Closer to the city center, you’ll find the new Napa Valley Opera House, retail shops, and cool tasting rooms that specialize in wines made by local boutique producers like Robert Craig, GustavoThrace, and others.

For restaurants, Cole’s Chop House is known for the prime cuts of beefs that work especially well with phat Napa Valley cabernet sauvignons; ZuZu features tapas—style cuisine with an American flair; and Bistro Don Giovanni goes the Italian route with dishes like fresh-made raviolis stuffed with duck confit decorated with drizzles of pesto. Alexis Baking Company (‘ABC’), specializing in fine coffees and pastries, is a great place to go for breakfast.

Just south of the city, activities within the Carneros appellation include: an eco-friendly tour of the wetlands via kayaks, bicycle routes to visit wineries, and an amazing opportunity to see one of the largest rotating art collections in Northern California at di Rosa Preserve (appointment only). Moore’s Landing on Cutting Wharf Rd. is a great place to relax around lunchtime.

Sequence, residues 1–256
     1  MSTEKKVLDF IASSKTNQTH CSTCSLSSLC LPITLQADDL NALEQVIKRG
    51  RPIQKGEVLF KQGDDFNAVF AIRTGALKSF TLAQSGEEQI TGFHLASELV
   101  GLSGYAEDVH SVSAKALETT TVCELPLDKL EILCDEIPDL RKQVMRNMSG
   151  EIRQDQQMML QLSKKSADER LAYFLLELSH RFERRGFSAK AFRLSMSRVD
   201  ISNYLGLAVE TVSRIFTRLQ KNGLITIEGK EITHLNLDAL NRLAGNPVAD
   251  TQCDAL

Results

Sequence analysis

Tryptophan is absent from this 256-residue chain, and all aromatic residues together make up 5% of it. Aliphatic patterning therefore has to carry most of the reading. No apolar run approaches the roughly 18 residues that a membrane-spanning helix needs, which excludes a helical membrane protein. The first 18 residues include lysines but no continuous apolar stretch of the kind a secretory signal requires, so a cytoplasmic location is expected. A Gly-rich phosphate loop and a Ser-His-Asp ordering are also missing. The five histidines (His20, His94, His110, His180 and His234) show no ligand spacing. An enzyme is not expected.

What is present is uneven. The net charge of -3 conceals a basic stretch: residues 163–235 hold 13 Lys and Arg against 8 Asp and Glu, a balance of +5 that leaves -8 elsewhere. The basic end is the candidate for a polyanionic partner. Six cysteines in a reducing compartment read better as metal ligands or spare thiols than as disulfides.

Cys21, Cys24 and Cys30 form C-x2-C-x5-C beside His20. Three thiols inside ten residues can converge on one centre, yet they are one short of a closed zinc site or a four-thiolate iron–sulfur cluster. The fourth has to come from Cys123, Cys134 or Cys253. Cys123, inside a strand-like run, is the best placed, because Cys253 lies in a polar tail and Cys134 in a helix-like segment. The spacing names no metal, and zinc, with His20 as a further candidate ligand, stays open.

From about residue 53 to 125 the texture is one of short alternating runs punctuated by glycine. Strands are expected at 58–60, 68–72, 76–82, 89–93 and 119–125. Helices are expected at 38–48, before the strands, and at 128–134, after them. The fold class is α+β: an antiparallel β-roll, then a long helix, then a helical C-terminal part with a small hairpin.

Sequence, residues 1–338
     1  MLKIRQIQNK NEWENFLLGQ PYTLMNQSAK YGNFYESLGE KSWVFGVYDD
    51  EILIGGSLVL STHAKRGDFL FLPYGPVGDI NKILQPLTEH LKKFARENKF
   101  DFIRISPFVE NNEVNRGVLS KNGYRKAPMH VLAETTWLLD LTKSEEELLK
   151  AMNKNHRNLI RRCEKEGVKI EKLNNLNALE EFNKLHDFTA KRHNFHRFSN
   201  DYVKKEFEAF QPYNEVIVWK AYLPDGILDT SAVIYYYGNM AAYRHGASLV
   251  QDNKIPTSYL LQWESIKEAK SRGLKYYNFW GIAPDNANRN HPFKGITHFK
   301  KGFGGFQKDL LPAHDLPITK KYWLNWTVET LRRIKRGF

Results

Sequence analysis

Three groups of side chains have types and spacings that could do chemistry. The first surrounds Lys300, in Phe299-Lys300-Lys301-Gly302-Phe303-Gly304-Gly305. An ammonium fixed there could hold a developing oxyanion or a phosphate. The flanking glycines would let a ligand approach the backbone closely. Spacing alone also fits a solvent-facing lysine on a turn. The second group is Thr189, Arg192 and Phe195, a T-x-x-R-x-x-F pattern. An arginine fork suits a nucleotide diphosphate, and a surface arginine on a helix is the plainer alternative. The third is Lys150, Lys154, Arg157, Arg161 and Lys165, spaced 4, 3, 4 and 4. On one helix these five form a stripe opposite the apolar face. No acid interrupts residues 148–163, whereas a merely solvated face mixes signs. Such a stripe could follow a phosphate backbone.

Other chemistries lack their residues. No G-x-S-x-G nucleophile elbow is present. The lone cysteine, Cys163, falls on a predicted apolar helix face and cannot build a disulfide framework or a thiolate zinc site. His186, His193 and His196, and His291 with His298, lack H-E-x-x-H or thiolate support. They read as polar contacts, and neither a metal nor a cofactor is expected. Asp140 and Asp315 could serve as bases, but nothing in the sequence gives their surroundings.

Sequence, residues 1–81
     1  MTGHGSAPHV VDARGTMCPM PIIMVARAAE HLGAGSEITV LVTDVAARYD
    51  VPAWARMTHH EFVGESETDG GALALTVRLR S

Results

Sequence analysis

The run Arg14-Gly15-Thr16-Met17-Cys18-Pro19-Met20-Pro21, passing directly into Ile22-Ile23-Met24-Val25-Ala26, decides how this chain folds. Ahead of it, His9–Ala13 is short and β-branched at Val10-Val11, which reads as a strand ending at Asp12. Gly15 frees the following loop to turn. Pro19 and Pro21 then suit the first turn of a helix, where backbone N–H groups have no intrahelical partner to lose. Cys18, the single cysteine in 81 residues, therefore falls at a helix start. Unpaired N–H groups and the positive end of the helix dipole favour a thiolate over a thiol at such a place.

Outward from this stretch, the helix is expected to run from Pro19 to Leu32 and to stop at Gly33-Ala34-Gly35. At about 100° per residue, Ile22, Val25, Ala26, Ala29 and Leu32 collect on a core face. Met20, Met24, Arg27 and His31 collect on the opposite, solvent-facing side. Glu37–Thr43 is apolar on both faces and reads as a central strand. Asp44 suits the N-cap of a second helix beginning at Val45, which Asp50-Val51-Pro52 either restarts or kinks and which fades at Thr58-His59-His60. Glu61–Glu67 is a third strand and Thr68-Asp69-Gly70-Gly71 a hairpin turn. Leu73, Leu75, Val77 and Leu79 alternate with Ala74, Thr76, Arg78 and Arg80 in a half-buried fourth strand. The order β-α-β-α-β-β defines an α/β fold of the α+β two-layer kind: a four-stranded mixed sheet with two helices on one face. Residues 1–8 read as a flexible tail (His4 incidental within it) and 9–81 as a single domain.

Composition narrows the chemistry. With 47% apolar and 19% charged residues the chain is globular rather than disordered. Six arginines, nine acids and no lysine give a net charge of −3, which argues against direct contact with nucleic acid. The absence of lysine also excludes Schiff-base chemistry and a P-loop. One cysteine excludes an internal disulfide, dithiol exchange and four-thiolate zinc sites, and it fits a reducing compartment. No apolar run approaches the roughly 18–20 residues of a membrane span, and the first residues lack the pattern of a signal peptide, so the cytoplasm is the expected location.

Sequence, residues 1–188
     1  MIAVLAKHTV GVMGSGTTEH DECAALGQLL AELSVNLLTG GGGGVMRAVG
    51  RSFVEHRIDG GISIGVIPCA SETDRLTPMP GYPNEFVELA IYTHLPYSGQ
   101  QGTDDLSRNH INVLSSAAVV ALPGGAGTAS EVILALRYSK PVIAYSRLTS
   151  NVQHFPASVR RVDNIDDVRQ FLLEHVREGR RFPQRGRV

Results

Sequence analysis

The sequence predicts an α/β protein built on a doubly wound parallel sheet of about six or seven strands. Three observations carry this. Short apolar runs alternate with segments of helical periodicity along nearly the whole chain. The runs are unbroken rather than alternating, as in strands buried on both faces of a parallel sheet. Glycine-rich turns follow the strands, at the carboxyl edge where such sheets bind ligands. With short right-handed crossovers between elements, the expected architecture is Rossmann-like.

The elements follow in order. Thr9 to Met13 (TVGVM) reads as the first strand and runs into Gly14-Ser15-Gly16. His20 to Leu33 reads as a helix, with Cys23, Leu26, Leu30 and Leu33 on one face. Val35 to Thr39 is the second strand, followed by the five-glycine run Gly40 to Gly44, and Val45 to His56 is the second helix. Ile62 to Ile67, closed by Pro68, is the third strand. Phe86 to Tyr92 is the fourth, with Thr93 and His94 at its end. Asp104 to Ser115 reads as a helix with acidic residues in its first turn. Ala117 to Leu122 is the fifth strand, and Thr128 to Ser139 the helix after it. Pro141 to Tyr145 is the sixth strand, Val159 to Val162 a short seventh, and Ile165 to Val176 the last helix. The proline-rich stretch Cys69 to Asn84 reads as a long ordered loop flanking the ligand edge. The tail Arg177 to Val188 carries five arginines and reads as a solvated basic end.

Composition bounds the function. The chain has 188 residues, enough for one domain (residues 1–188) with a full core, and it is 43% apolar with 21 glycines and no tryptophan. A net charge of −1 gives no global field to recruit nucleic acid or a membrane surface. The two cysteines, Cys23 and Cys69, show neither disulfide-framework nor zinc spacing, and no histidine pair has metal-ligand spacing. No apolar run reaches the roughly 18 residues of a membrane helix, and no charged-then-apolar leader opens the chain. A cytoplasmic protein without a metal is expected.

Yountville to Rutherford

The further north you go in the valley, the more you realize how cool the county has become. It’s a place where vineyards surround the roadside, and great restaurants are so close you can almost smell each individual dish being served as you drive by.

Yountville is a very hip village, featuring classy restaurants, lodges and shopping. Great styles of food available include French cuisine at Domaine Chandon and Bistro Jeanty; American regional at Brix, Mustards Grill and Napa Valley Grill; and the wine bar at Bouchon--which also features tasty fish snacks and oysters--stays open late and attracts many locals, chefs and winemakers. Hurley’s features a solid wine and spirits bar, Pancha’s is the place to play pool, and, if he’s there during your visit, you can check out Jeremy DuCharme, the best young, super slick magician you’ll find, who performs on weekends at the Viagio Inn.